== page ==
After converting a raster file to a vector file using gdal.polygonize, I cannot carry out further commands (e.g. Clip) because the vector is produced with invalid geometries (as determined by the QGIS GUI). Within GIS itself, I can correct this by using Fix Geometries, but cannot using Python code outside of the GUI. I can't work out why this happens.

Is there a way to check/make valid geometries in Python/GDAL framework? I have not been able to find anything that works.

src_ds = gdal.Open('input.tif')
if src_ds is None:
    print ('Unable to open %s' % src_filename)
    srcband = src_ds.GetRasterBand(1)
except RuntimeError:
    print ('Band 1 not found')

dst_layername = "output/path/filename"
drv = ogr.GetDriverByName("ESRI Shapefile")
if os.path.exists(dst_layername + ".shp"):
    drv.DeleteDataSource(dst_layername + ".shp")

# create spatial reference for the new vector based on the raster
srs = osr.SpatialReference()
dst_layer = dst_ds.CreateLayer(dst_layername, srs = srs)

# create polygon layer
dst_ds = drv.CreateDataSource(dst_layername + ".shp")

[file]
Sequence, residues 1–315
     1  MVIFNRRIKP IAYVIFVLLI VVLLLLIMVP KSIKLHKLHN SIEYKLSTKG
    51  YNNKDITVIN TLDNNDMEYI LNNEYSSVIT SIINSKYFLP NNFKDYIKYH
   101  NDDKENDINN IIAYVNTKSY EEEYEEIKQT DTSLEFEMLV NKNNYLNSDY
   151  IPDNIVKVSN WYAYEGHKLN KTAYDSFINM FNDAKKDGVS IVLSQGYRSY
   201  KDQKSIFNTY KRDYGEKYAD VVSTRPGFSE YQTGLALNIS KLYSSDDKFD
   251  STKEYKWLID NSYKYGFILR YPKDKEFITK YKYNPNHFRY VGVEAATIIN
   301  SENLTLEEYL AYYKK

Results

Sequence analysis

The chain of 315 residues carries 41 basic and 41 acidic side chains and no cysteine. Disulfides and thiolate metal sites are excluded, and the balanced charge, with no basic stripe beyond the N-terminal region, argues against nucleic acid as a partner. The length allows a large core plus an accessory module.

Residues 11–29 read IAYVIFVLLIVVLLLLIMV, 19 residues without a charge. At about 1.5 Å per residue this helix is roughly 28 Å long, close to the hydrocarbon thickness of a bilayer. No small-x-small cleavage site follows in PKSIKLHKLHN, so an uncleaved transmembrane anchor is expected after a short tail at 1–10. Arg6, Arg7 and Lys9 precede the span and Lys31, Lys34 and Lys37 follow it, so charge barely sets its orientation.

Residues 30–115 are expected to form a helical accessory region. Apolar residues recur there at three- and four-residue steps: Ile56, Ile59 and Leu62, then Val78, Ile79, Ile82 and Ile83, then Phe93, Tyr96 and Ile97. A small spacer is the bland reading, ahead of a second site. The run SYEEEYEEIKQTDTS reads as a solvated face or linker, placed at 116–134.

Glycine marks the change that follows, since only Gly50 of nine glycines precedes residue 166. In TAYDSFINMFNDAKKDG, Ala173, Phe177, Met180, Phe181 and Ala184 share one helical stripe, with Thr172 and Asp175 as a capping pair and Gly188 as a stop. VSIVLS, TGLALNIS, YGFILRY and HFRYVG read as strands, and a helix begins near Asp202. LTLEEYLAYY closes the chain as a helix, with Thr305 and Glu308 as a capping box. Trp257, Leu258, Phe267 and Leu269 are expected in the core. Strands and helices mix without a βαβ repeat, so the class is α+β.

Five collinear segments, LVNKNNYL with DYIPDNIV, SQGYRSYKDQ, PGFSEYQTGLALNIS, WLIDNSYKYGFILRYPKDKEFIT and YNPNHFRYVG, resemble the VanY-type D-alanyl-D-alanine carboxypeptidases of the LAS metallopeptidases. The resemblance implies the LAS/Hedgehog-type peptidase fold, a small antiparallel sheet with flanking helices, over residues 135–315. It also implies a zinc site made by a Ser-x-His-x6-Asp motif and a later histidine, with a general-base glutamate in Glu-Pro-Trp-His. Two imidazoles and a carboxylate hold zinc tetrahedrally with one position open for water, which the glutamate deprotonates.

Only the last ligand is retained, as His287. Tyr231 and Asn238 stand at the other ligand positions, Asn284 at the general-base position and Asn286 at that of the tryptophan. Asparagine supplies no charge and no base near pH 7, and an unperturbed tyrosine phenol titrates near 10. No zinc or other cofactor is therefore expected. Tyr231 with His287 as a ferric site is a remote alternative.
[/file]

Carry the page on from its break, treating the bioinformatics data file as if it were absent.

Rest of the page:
gdal.Polygonize(srcband, srcband, dst_layer, -1, [], callback=None)

### fix geometries
# > produces a file, but shows nothing

  • have you identified what causes the invalidity? – Leo Jul 16 '19 at 15:14
  • @Leo when I run it through QGIS GUI it says self-intersection – Perfalcon Jul 18 '19 at 8:58

Maybe you could try the polygonization with rasterio?


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  • Thanks for your comment. It is a good way to polygonize, but the Fix Geometries still do not work. Also, the link you posted is out-of-date, I think. Here is one that works with Python 3.7 – Perfalcon Jul 16 '19 at 14:00

you will have to look for the geometry that is not valid and then delete it or change it so that it becomes valid. try it with a code like this:

faultyshapefile = gp.read_file('your shapefile.shp')
    nonecontroller = 0
    while nonecontroller == 0:
        nonecontroller = 1
        for i in range(len(faultyshapefile)):
            if shape.is_valid != True:
                faultyshapefile = faultyshapefile.drop([i], axis=0)
                nonecontroller = 0

If you do not want to loose the shape, instead of "drop" you can do any other operation on the geometry that fixes it. for example buffering with a very small radius.

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